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Overview (this manuscript is an overview of an ASTM symposium. The authors, John Sebroski and Mark Mason, of the overview were the co-chairs of the symposium and co-editors of the manuscripts submitted for ASTM peer review and subsequent publication in the technical proceedings for the symposium)
Sebroski, J. Overview (this manuscript is an overview of an ASTM symposium. The authors, John Sebroski and Mark Mason, of the overview were the co-chairs of the symposium and co-editors of the manuscripts submitted for ASTM peer review and subsequent publication in the technical proceedings for the symposium). In Proceedings, Symposium on Developing Consensus Standards for Measuring Chemical Emissions from Spray Polyurethan, Anaheim, CA, April 30 - May 01, 2015. ASTM International, W. Conshohocken, PA, 2, (2015).
The purpose of the overview is to provide potential readers of the ASTM symposium technical proceedings (STP-1589) with a summary of the manuscripts included in the proceedings, an assessment by the co-chairs/co-editors of what was learned, knowledge gaps, and a summary of subsequent actions within the ASTM Indoor Air Committee (D22.05).
The Symposium on Developing Consensus Standards for Measuring Chemical Emissions from Spray Polyurethane Foam (SPF) Insulation was held on April 30th and May 1, 2015. Sponsored by ASTM Committee D22 on Air Quality, the symposium was held in Anaheim, CA, in conjunction with the standards development meetings of the Committee. ASTM D22.05 is developing tools to answer fundamental questions: what is emitted from SPF, how long do the emissions persist, how does ventilation impact concentrations and potential exposures? How can we model these processes to address the multiplicity of products, applications, and environmental conditions that may impact exposure to emissions over the life cycle of the material? These are complex and interrelated questions that have challenged the indoor environments research community for many years. Objectives of Symposium: Standardized methods are needed to assess the potential impacts of SPF insulation products on indoor air quality, establish re-entry times for trade workers or re-occupancy times for building occupants after product installation and to evaluate post-occupancy ventilation. The objective of the symposium was to provide a forum for the exchange of ideas from SPF manufacturers, regulatory agencies, indoor air quality professionals, testing labs, air quality consultants, instrument vendors and other stakeholders. Following the presentations on the current status of measuring emissions from SPF insulation, participants discussed paths forward for research, method development and development of standards. The chairs of the symposium cast a broad call for papers on the following topics, representing the complex challenges of diverse stakeholders, including industry and government, during the application and use of SPF insulation products:• Research and method development for measuring potential SPF emissions of semi-volatile and volatile organic compounds used in the formulation (e.g., isocyanates, blowing agents, amine catalysts and flame retardants) and from potential reaction or byproducts;• Federal and other governmental agencies' regulatory approaches and supporting investigation, assessment and research needs; • Modeling, scaling up from lab to large scale chambers or buildings; • International perspective on regulation and testing of SPF insulation emissions; • Industry perspective/needs and product stewardship activities; • Field investigations or large-scale chamber/spray booth studies to evaluate emissions or ventilation rates; and• Applying the knowledge from product emissions data/research to practice (e.g., stewardship commitment, green building practices, codes for residential ventilation and global leadership).The collaboration and exchange of information during the symposium and their corresponding research papers are useful for the development of standards by ASTM D22.05 on Indoor Air for measuring emissions from SPF. New standards are being developed to estimate the emissions of volatile and semi-volatile organic compounds (e.g. blowing agents, catalysts, flame retardants, byproducts) with micro- and large-scale chambers. Analytical methods must be developed to measure emissions from the chambers. Specialized chambers must be evaluated for measuring isocyanate emissions such as methylene diphenyl diisocyanate (MDI) to avoid adhesion to the chamber’s surfaces. The data generated from the new ASTM standards may be useful as input parameters in computer simulation modeling software to help manufacturers and distributors, researchers, and government agencies assess exposure potential and control mechanisms regarding the use of SPF products.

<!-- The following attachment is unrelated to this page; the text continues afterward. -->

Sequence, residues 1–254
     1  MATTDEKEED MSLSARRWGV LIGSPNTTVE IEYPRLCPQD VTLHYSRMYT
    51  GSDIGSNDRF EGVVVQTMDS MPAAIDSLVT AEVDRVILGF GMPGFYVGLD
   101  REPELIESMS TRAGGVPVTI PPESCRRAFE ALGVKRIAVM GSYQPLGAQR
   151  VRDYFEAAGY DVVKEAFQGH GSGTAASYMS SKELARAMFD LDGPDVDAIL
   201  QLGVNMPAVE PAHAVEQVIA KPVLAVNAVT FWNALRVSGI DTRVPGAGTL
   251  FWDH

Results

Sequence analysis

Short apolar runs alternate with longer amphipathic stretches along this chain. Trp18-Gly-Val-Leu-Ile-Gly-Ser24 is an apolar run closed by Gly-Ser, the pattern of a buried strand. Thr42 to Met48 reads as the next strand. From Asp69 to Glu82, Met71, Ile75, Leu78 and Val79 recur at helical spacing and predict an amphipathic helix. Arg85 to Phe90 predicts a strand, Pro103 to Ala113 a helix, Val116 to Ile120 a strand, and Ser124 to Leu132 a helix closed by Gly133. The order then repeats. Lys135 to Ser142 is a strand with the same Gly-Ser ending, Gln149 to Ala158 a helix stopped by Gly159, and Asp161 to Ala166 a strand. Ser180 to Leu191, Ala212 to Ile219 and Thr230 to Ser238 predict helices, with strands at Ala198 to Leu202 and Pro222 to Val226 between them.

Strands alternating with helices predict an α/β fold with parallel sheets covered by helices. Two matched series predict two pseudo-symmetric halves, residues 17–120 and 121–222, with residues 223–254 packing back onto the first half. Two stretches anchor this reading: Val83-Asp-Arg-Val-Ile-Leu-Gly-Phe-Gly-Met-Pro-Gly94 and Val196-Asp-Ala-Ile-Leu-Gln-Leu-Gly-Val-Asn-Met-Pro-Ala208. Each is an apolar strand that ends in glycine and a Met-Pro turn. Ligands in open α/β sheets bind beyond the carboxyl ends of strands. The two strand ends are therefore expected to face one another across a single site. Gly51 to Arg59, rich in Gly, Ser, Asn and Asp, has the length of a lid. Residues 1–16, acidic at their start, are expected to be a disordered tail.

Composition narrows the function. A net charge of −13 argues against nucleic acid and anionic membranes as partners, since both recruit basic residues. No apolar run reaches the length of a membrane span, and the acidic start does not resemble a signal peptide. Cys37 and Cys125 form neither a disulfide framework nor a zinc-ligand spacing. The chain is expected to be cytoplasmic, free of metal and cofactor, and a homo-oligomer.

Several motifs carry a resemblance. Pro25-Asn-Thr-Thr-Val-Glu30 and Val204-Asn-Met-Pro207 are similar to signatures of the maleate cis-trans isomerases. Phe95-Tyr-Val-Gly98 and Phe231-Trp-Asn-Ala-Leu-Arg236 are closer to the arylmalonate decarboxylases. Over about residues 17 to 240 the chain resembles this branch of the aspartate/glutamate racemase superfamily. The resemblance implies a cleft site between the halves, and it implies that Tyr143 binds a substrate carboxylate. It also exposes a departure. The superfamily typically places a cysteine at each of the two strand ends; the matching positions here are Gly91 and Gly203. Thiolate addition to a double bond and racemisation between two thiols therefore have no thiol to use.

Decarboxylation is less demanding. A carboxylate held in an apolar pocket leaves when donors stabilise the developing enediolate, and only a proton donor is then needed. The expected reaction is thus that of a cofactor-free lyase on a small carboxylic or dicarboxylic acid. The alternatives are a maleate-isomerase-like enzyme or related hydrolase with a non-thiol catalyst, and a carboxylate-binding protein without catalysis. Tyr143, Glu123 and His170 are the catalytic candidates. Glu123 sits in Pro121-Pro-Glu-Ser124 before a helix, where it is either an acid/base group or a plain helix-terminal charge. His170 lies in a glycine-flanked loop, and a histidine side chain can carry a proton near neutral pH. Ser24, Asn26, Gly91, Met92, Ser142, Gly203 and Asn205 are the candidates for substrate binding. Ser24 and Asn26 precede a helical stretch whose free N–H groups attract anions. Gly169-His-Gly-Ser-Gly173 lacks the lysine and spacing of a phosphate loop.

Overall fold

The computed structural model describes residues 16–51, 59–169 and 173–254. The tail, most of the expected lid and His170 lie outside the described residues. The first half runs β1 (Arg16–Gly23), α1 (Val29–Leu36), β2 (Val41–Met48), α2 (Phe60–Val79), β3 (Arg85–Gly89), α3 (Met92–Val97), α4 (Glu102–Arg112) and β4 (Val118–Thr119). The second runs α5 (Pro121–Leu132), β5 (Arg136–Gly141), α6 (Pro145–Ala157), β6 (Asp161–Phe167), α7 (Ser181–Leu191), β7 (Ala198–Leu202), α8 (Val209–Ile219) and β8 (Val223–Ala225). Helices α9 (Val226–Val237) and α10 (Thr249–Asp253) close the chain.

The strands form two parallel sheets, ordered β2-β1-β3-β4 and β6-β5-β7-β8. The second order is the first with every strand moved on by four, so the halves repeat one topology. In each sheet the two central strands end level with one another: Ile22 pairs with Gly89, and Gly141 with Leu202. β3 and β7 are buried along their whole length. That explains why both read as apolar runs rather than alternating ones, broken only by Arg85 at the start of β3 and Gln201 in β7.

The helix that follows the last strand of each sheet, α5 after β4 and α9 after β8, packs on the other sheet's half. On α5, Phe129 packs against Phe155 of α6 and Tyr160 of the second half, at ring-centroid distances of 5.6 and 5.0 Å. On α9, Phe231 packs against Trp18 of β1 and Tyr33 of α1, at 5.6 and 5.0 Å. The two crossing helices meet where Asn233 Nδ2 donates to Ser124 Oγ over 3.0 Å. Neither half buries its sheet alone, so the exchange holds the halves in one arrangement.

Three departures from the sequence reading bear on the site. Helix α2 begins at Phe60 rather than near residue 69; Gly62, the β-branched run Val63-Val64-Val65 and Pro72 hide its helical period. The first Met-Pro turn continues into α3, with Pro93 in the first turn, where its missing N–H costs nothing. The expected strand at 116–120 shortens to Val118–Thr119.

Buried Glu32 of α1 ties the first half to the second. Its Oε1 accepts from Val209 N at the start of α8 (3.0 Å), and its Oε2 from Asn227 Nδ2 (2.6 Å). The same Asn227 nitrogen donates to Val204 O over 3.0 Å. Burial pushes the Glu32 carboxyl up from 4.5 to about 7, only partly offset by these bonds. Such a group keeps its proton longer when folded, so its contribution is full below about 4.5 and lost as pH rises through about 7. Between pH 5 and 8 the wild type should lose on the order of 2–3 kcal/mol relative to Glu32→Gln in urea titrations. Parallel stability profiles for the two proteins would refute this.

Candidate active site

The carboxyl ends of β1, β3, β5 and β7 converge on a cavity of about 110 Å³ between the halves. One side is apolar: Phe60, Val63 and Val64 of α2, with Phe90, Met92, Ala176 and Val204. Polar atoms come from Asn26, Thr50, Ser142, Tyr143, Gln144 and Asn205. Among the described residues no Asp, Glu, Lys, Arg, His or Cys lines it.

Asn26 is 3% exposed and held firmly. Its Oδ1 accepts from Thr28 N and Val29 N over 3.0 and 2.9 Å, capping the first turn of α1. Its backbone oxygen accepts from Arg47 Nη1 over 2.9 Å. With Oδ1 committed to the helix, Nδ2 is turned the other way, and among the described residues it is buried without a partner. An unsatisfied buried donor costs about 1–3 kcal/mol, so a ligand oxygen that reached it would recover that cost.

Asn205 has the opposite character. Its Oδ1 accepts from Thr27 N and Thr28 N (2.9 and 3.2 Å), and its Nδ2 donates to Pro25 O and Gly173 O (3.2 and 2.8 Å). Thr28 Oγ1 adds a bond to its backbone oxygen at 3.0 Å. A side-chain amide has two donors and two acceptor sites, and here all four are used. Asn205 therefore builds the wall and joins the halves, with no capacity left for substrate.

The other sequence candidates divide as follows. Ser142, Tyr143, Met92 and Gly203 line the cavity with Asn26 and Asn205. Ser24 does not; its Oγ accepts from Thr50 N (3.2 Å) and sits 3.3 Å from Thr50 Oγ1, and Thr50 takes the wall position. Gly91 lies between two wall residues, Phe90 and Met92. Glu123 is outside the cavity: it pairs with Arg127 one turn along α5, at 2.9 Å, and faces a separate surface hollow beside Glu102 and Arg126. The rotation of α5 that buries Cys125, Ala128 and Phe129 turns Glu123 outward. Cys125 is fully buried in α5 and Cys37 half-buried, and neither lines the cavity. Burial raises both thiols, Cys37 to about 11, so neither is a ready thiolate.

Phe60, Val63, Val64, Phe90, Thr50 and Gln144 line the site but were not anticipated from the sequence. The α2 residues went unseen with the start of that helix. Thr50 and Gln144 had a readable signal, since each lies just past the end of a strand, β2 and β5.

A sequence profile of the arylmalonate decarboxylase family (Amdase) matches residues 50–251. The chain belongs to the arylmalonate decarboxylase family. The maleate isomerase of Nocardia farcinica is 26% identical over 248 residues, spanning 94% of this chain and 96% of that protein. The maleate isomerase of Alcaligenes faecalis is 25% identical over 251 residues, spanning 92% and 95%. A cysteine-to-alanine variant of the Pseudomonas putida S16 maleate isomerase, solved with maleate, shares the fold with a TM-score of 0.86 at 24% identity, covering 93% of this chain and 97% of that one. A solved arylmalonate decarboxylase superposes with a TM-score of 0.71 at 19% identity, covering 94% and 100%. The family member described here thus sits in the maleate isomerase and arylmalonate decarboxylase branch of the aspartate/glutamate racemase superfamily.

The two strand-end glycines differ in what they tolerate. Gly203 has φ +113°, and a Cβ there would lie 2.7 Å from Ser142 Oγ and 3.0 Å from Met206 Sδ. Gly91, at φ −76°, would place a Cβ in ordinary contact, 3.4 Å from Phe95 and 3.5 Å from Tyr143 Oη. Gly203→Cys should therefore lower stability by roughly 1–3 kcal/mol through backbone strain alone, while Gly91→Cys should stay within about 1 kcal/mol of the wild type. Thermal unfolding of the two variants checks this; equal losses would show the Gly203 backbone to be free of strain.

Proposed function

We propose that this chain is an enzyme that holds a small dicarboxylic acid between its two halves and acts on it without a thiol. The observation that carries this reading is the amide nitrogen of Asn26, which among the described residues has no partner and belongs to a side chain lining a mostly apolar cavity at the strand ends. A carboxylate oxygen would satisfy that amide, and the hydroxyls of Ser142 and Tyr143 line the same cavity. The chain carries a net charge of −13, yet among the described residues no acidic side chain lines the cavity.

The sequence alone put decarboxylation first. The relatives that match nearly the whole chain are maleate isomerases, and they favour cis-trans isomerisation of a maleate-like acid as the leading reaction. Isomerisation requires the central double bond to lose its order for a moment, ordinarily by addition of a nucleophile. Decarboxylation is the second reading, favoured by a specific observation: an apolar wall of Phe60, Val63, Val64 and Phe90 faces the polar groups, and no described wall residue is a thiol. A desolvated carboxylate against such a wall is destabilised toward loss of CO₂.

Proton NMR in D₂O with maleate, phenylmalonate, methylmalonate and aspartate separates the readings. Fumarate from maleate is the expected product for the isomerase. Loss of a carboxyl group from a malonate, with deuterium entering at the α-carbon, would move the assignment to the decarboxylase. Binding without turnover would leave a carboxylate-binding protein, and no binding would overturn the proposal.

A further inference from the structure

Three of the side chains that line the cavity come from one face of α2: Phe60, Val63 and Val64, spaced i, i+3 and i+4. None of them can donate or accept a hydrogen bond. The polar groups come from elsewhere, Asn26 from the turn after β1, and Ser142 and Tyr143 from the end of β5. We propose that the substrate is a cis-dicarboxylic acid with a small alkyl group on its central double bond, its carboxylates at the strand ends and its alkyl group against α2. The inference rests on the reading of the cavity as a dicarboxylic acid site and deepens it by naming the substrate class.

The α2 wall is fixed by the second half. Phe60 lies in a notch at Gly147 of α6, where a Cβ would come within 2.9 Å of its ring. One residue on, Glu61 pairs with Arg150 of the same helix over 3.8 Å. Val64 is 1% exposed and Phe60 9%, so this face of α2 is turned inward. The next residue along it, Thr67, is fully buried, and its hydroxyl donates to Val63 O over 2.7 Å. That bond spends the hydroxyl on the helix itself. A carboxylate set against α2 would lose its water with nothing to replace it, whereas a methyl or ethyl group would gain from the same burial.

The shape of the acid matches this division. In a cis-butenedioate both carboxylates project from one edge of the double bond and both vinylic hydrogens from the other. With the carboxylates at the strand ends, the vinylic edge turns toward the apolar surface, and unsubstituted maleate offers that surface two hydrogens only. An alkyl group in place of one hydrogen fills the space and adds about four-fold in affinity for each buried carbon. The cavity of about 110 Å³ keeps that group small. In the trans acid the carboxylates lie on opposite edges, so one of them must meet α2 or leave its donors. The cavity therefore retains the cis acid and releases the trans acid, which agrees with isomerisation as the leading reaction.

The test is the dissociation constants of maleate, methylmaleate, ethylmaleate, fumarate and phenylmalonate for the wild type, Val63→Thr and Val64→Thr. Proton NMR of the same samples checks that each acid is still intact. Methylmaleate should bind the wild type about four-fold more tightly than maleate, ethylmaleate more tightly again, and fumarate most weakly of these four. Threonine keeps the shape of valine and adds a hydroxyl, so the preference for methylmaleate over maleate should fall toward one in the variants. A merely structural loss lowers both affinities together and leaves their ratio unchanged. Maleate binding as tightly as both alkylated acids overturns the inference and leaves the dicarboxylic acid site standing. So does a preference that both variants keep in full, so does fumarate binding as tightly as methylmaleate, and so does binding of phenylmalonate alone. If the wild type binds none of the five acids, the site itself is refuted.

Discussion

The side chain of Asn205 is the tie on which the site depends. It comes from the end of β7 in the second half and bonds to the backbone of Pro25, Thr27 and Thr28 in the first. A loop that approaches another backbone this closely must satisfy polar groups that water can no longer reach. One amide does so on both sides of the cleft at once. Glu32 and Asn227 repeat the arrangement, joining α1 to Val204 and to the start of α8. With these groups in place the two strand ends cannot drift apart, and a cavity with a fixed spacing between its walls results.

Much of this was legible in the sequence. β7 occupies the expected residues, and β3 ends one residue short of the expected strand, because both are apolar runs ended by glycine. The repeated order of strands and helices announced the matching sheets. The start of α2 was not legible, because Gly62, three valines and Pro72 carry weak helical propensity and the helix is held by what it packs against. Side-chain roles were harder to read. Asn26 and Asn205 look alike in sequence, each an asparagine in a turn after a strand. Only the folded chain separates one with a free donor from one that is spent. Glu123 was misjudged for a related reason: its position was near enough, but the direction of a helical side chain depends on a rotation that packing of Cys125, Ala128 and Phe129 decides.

Record Details:Record Type: DOCUMENT (PAPER IN NON-EPA PROCEEDINGS)
Organization:U.S. ENVIRONMENTAL PROTECTION AGENCY
OFFICE OF RESEARCH AND DEVELOPMENT
NATIONAL RISK MANAGEMENT RESEARCH LABORATORY
AIR POLLUTION PREVENTION AND CONTROL DIVISION
INDOOR ENVIRONMENT MANAGEMENT BRANCH